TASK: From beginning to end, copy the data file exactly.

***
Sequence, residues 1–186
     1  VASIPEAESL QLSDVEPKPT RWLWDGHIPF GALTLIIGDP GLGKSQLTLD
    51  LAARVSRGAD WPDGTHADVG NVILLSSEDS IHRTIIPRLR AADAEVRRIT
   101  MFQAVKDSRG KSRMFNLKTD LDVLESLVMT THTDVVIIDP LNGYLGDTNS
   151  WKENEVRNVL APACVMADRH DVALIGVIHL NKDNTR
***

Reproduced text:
Sequence, residues 1–186
     1  VASIPEAESL QLSDVEPKPT RWLWDGHIPF GALTLIIGDP GLGKSQLTLD
    51  LAARVSRGAD WPDGTHADVG NVILLSSEDS IHRTIIPRLR AADAEVRRIT
   101  MFQAVKDSRG KSRMFNLKTD LDVLESLVMT THTDVVIIDP LNGYLGDTNS
   151  WKENEVRNVL APACVMADRH DVALIGVIHL NKDNTR